Amelanchier stolonifera Wieg.

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Sources

Bean

Genus

Synonyms

  • A. spicata auct., not (Lam.) K. Koch

Glossary

apex
(pl. apices) Tip. apical At the apex.
calcareous
Relating to lime- or chalk-rich soils or water.
glabrous
Lacking hairs smooth. glabrescent Becoming hairless.
glaucous
Grey-blue often from superficial layer of wax (bloom).
monograph
Taxonomic account of a single genus or family.
oblanceolate
Inversely lanceolate; broadest towards apex.
orbicular
Circular.
ovary
Lowest part of the carpel containing the ovules; later developing into the fruit.
ovate
Egg-shaped; broadest towards the stem.

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Sources

Bean

A deciduous shrub 4 to 6 ft high, increasing by underground suckers and forming a small thicket of stiff, erect stems. Leaves oval, sometimes inclined to ovate, finely toothed except towards the base where they are rounded or slightly heart-shaped; 1 to 2 in. long, 34 to 114 in. wide; green when young, covered beneath for a short time with white down, soon nearly or completely glabrous; stalk 14 to 58 in. long. Flowers white, produced on short, erect racemes; petals 13 in. long, broadening towards the rounded end. Fruit purplish black, glaucous, ‘sweet, juicy and of good flavour, ripening in July’ (Wiegand).

Native of eastern N. America from Newfoundland to Virginia, in non-calcareous soils. In the attractive but confusing group of suckering amelanchiers of its native region it is distinguished by the following group of characters: habit dwarf; leaves finely toothed; summit of ovary woolly.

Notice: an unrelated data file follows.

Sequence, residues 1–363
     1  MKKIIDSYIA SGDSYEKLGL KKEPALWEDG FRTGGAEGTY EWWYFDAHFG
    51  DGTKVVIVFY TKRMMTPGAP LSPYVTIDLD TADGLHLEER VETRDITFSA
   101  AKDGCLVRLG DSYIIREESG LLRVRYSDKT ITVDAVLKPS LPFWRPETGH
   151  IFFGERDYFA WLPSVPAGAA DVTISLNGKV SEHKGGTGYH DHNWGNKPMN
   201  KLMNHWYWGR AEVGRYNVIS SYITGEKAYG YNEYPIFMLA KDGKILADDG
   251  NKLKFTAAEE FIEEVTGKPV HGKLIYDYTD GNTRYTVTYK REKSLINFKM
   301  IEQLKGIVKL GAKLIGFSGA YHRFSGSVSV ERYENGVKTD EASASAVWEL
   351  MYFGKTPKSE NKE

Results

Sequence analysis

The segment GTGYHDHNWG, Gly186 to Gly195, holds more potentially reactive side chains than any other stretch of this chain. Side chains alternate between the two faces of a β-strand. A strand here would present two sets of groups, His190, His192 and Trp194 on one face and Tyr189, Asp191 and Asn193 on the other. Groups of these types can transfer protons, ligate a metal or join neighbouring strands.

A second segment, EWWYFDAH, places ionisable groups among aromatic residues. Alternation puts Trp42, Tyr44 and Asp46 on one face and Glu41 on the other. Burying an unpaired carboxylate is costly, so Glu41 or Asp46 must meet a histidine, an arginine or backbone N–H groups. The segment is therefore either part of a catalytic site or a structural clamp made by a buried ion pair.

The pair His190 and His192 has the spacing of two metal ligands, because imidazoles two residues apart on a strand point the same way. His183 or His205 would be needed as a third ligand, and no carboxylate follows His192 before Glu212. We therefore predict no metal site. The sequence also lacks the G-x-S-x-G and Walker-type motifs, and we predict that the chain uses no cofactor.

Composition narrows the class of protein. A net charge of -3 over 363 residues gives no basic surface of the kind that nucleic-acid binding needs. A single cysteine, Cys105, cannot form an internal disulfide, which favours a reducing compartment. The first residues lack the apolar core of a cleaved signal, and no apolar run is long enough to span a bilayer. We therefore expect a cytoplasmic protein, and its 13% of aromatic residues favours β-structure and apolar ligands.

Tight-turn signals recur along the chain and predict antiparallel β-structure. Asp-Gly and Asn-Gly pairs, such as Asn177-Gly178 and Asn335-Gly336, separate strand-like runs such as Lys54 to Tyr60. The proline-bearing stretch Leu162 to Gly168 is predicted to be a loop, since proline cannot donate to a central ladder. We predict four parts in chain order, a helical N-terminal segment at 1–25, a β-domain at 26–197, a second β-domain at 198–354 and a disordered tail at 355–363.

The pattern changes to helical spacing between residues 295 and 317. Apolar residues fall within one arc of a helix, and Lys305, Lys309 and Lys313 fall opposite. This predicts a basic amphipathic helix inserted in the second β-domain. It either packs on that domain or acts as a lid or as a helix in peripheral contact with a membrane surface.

From the Supplement (Vol. V)

A deciduous shrub 4 to 6 ft high, increasing by underground suckers and forming a small thicket of stiff, erect stems. Leaves oval, oblong or almost orbicular, rounded and often mucronate at the apex, 1 to 2 in. long, 34 to 114 in. wide, finely toothed (fifteen to twenty-five teeth per inch), covered beneath with a white down when young, soon glabrous or almost so; lateral veins in mostly seven to ten pairs, not running out to the teeth. Flowers white in late April or early May, produced in short, dense, erect racemes. Sepals soon reflexing from the middle. Petals about 38 in. long, strap-shaped or narrowly oblanceolate. Top of ovary hairy. Fruits blue-black, juicy, ripe in July.

Native of eastern North America from Newfoundland to Virginia, west to the region of the Great Lakes, described in 1912. It is of no value in gardens except perhaps in rough places where its stoloniferous habit might be useful.

A. humilis Wieg. – This species is closely allied to A. stolonifera but differs mainly in the more coarsely toothed leaves. The two species are united by G. N. Jones in his monograph under the name A. spicata (Lam.) K. Koch, which in the present work is used in a different sense (see above).

A. obovalis (Michx.) Ashe Mespilus canadensis var. obovalis Michx. – A species of the coastal plain from Pennsylvania to Georgia. It resembles A. stolonifera in habit, but bears its flowers in early spring on the leafless wood; the glabrous top of the ovary also serves to distinguish it. In the latter character and the erect sepals of the fruits it recalls A. canadensis, but is a dwarfer plant. It may not have been introduced.

A humilis Wieg

This species is closely related to A. stolonifera but differs mainly in the more coarsely toothed leaves. The two species are merged by Jones (op. cit.) under the name A. spicata (Lam.) K. Koch, which in the present work is used in a different sense.

A obovalis (Michx.) Ashe

Synonyms
Mespilus canadensis var. obovalis Michx

A species of the coastal plain from Pennsylvania to Georgia. It resembles A. stolonifera in habit but bears its flowers early in spring on the leafless wood; the glabrous ovary also serves to distinguish it. In the latter character and the erect sepals it recalls A. canadensis but is a dwarfer plant. So far as is known, it has not been introduced, and might prove tender.

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